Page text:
“The most holy Eucharist contains the Church’s entire spiritual wealth: Christ Himself”
– St John Paul II: ‘Ecclesia de Eucharista’
This is a beautiful time of year, filled with many wonderful feasts – Pentecost, the Holy Trinity, and the Body and Blood of Christ. In this latter feast, we celebrate and give thanks for the Lord’s greatest gift to us – His real and abiding Presence in the Blessed Sacrament. On that day, we consider this gift in a special way; however, we should be deeply aware of it every day, and give thanks accordingly. These days, the resurgence of devotion to the Blessed Sacrament is definitely continuing apace; I have written about this previously in several articles – The Glass Chapel, The Hidden Jesus and The Days Of The Blessed Sacrament.
My favourite moments are those spent silently before the Tabernacle, usually when the Church is very quiet and still. Moments such as these are a little taste of Heaven. Everything else ceases, distraction is gone, and all that exists in that moment is the Lord before me. Nothing else on earth compares to this.
And I am in good company – it would be almost impossible to find a Saint of the Church or a Pope who was not deeply devoted to the Blessed Sacrament, so we can certainly learn something from this example. St John Paul spent hours before the Tabernacle every single day. He noted that the Blessed Sacrament is the greatest spiritual treasure of the Church, containing the Lord Himself. St John Vianney, the great patron saint of Priests, had this to say –
“There is nothing so great as the Eucharist. If God had something more precious, He would have given it to us.”
Our bodily eyes see nothing more than the species of bread, but the eyes of Faith perceive clearly that this is indeed the Lord before us, in the Tabernacle or the Monstrance, as He promised us in the Gospel.
If we truly believe what we profess – that the Lord Himself is there in the Tabernacle awaiting us – then what stops us from visiting as often as we can and keeping Him company for a little while? For some, it is time – or the lack of it. But while we make time available for so many activities every day, can we not spare a moment for the Eucharistic Lord? Or it may be that the Church doors are locked – perhaps it is possible to ask the Priest to arrange regular Eucharistic Adoration for the Parish? Failing this, there are many Churches whose doors are open – some on particular days, some every day.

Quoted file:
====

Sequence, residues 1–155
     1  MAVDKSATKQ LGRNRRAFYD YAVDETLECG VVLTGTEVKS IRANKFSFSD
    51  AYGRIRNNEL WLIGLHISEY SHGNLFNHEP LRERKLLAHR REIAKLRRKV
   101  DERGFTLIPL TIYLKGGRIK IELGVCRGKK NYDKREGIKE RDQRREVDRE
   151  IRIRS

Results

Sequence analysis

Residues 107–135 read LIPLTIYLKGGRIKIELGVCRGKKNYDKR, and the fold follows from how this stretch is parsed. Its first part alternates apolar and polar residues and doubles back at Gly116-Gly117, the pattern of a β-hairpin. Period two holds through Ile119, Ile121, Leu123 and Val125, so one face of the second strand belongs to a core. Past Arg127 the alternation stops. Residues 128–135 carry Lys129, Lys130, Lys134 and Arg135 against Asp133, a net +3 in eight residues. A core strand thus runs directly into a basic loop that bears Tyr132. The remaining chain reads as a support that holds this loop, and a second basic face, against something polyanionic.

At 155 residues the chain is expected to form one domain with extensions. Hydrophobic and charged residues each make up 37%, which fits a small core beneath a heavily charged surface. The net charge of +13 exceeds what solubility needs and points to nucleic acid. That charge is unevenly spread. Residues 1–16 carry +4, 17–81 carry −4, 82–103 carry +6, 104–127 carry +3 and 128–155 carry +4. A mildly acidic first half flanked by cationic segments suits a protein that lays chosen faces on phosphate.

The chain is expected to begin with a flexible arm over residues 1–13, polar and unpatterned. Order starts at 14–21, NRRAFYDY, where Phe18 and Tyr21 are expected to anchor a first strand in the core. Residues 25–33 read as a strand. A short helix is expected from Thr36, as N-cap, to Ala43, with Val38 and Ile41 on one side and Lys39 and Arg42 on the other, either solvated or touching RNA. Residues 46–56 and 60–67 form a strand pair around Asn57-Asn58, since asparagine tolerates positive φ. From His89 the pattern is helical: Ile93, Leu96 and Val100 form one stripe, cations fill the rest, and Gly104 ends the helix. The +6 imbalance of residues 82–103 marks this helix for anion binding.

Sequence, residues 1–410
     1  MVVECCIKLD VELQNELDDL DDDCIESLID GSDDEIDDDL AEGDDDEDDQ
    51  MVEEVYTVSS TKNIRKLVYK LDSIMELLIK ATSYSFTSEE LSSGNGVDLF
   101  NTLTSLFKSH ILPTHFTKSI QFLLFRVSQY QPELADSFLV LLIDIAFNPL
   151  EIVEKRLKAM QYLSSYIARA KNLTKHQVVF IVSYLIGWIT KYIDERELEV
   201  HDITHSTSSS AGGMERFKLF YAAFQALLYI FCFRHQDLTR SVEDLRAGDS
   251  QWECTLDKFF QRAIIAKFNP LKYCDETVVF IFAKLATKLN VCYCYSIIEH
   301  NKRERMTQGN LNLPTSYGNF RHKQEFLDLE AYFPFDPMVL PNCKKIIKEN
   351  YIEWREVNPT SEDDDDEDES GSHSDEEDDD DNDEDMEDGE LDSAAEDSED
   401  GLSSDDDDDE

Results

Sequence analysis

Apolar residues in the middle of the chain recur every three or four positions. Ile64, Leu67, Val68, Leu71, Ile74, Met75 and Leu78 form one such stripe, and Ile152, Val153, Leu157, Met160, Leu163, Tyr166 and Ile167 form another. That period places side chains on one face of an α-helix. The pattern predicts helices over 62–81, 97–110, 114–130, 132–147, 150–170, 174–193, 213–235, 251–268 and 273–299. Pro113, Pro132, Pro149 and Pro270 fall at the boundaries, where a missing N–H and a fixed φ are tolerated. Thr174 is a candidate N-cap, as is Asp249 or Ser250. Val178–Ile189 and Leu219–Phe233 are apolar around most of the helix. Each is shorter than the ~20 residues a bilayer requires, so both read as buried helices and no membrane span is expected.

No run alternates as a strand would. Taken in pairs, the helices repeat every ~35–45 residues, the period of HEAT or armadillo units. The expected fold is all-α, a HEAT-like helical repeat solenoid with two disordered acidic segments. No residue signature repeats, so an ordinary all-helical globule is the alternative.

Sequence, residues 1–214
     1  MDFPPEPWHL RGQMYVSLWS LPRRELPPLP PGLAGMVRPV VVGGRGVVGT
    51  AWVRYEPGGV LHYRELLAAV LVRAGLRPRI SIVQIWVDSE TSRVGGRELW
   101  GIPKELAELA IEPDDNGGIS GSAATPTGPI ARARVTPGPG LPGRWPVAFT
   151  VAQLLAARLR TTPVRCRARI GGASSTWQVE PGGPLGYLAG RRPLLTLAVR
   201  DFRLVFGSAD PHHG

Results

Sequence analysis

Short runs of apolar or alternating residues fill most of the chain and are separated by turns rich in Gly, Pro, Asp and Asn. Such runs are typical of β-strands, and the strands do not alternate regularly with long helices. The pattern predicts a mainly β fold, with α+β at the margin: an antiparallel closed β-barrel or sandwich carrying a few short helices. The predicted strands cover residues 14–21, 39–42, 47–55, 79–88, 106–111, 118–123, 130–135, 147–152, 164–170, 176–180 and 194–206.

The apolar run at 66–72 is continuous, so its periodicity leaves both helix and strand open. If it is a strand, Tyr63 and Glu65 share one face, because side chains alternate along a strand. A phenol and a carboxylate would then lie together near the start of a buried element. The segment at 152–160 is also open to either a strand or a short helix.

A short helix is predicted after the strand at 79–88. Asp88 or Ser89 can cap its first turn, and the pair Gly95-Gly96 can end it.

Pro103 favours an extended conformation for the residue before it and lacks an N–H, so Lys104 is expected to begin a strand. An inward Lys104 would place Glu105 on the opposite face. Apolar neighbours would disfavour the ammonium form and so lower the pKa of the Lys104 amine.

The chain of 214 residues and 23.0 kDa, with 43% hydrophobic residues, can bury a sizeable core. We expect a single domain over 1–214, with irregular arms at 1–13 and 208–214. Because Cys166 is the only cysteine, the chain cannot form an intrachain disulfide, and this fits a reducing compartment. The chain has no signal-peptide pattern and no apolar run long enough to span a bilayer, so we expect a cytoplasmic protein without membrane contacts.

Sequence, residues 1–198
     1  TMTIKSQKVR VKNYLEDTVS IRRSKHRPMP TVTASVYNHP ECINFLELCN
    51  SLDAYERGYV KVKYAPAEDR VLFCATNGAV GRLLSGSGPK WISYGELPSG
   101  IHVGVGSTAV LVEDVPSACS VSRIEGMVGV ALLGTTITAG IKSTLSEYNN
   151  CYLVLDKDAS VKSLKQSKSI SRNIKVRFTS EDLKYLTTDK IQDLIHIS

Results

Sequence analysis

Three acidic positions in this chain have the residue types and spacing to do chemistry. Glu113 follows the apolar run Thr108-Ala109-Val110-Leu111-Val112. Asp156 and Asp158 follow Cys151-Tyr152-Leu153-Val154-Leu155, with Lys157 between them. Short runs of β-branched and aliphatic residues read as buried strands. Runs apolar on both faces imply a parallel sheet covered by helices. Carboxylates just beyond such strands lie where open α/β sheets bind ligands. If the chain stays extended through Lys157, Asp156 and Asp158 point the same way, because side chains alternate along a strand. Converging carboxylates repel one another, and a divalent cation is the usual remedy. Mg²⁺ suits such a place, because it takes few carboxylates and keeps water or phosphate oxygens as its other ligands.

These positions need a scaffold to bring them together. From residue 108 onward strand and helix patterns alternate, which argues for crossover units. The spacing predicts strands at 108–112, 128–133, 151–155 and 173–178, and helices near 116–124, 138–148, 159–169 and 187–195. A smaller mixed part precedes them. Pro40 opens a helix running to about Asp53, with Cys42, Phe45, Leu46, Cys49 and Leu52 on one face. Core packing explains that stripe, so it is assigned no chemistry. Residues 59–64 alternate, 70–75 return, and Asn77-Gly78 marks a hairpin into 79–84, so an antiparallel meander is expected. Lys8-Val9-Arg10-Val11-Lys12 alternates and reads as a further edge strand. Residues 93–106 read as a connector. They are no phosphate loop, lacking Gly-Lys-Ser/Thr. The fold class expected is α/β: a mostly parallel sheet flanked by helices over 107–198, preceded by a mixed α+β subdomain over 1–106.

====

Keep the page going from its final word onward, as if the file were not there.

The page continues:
Another reason that may limit our Eucharistic Adoration is not knowing how to spend time before the Lord. Particularly these days, we are used to being active, constantly on the go, always busy with something. This Adoration is precisely the opposite of that – it is a moment of quiet and stillness, of peace amid the madness of the world and daily life.
Perhaps what is most fundamental is that we simply spend time before the Tabernacle; this is the first step. After this, it matters less if we can spare only a moment, or an hour, or longer. The Lord will use this devotion and faith on our part to dispense His graces in a special way. But it is crucial that we visit Him in the first place. We can ask Him for the grace to love and adore Him well, and He will give this grace freely. His desire is that we offer Him our love and praise and gratitude, simply and with humility and faith; He will take care of the rest. And we can be certain of a warm welcome, as St Teresa of Calcutta tells us –
“Nowhere on earth are you more welcomed, nowhere on earth are you more loved, than by Jesus, truly present in the Most Blessed Sacrament.”
If we are able to make regular visits to the Tabernacle, or to spend longer with the Lord, it can be beneficial to purchase and make use of one of the many very good manuals available for Eucharistic Adoration. These offer various specific prayers and meditations designed to make our time there as fruitful as possible.
In her Diary, Saint Faustina wrote about some of the graces she received before the Tabernacle –
“I recall that I have received most light during adoration which I made lying prostrate before the Blessed Sacrament for half an hour every day during Lent. During that time, I came to know myself and God more profoundly.” (Diary, para.147)
Clearly, then, St Faustina was committed to this period of adoration; and for His part, the Lord granted her the grace not only to know Him, but to know herself better and more clearly. When we see ourselves more as the Lord sees us, His grace and mercy in our life becomes more apparent, as does our continued need for both. And in this case, that grace was obtained through Adoration of the Lord in the Blessed Sacrament.
What is certain is that the Lord has particular graces He intends for each and every one of us; and those moments spent before Him in the Tabernacle are, not surprisingly, a powerful means of obtaining those graces we need so greatly.